When someone is born with both male and female organs, the condition is called ambiguous genitalia, according to MedlinePlus. It has several different forms, and each one has a specific set of characteristics that sets it apart from the others.
According to the University of Rochester Medical Center, a person who has gonadal dysgenesis has underdeveloped gonads, meaning ovaries or testes, with internal reproductive organs that are usually female. The external genitalia in someone with this form of ambiguous genitalia tends to trend more on the female side, but it might be indistinguishable in some cases.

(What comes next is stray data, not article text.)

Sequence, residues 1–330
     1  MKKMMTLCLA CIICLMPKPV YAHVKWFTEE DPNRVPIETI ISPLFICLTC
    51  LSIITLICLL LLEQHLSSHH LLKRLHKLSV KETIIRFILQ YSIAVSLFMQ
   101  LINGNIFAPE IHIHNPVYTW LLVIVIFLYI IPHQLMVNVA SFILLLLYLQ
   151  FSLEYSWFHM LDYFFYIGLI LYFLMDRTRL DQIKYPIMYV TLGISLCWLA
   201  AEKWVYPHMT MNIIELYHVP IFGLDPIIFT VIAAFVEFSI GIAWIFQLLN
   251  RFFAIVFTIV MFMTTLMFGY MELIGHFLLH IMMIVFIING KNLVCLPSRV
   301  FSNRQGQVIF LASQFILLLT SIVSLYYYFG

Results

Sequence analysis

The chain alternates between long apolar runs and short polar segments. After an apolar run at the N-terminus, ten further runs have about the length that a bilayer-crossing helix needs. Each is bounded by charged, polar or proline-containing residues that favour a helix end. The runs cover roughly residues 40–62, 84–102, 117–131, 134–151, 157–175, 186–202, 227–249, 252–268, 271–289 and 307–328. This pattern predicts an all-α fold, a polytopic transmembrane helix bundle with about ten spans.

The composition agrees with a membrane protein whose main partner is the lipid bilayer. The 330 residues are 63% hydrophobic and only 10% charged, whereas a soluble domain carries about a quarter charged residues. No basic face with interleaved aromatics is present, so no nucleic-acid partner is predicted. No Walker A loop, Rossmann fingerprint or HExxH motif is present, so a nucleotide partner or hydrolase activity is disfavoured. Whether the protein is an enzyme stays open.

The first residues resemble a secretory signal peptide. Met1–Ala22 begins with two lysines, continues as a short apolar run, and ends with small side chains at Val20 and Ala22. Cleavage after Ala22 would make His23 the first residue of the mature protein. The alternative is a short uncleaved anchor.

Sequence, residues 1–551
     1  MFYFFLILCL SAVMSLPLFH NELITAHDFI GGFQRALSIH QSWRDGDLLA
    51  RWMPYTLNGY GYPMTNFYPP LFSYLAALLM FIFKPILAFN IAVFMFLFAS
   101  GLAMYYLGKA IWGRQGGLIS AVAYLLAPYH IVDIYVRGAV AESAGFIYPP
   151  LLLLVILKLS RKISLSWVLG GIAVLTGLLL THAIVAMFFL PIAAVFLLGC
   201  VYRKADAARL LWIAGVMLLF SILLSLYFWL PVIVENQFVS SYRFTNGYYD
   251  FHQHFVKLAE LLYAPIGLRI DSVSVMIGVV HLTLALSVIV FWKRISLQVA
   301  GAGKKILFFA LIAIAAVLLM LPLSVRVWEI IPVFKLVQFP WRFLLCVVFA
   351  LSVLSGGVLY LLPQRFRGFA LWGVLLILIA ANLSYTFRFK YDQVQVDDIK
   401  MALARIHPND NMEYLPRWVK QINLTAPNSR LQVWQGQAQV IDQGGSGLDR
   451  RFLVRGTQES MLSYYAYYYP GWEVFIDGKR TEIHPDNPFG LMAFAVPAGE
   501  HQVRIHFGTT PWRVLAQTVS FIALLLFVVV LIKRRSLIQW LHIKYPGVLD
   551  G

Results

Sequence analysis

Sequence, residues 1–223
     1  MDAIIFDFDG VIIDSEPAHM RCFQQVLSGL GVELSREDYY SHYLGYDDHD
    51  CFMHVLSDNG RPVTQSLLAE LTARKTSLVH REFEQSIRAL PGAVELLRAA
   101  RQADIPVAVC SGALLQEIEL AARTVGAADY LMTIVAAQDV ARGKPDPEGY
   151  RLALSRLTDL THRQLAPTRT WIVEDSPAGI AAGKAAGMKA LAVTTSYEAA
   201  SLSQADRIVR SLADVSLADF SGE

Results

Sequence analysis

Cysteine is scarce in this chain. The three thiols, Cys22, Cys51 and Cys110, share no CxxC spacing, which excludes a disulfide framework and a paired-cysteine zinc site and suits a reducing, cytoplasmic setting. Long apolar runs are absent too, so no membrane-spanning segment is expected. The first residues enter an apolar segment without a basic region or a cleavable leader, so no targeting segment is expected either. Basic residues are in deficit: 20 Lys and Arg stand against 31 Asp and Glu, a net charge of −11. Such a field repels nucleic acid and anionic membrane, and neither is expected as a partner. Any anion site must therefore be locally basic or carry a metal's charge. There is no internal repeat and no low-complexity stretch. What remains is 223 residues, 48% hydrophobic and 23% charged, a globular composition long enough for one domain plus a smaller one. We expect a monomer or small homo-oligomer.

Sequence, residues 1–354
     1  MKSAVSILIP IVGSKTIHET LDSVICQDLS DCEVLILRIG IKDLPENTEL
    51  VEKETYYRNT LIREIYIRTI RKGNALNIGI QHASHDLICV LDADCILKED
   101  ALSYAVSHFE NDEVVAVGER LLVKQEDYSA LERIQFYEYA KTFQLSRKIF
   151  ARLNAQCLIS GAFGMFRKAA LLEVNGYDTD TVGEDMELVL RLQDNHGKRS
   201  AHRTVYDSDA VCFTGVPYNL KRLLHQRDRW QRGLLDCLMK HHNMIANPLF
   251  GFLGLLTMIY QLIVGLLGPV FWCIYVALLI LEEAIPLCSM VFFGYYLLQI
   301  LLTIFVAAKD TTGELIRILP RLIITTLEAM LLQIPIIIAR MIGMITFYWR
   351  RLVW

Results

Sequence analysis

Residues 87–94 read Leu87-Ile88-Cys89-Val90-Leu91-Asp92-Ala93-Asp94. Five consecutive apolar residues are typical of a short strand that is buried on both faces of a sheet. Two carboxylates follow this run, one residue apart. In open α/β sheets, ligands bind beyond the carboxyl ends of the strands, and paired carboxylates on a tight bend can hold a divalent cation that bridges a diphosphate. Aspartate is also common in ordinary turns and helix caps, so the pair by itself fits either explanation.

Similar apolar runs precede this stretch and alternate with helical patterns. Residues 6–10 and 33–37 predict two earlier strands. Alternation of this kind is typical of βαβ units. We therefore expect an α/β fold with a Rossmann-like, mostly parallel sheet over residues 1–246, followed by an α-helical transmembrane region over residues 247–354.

With pseudohermaphroditism, a person has questionable external sexual organs but the internal reproductive organs of only one sex. If a person has male gonads, the condition is termed as male pseudohermaphroditism. A person with female gonads is said to have female pseudohermaphroditism.
A person with true hermaphroditism has internal reproductive organs of both the male and female sexes. External sex organs of both sexes are also present, although these can be somewhat altered. For example, the penis might be small, but the clitoris is enlarged.
When these abnormalities are present, doctors will often use chromosome testing to determine the person's true sex. Exams and testing might be done on the external organs or internal organs to determine sex. In some cases, personal preference is the deciding factor as to what sex a person will live as.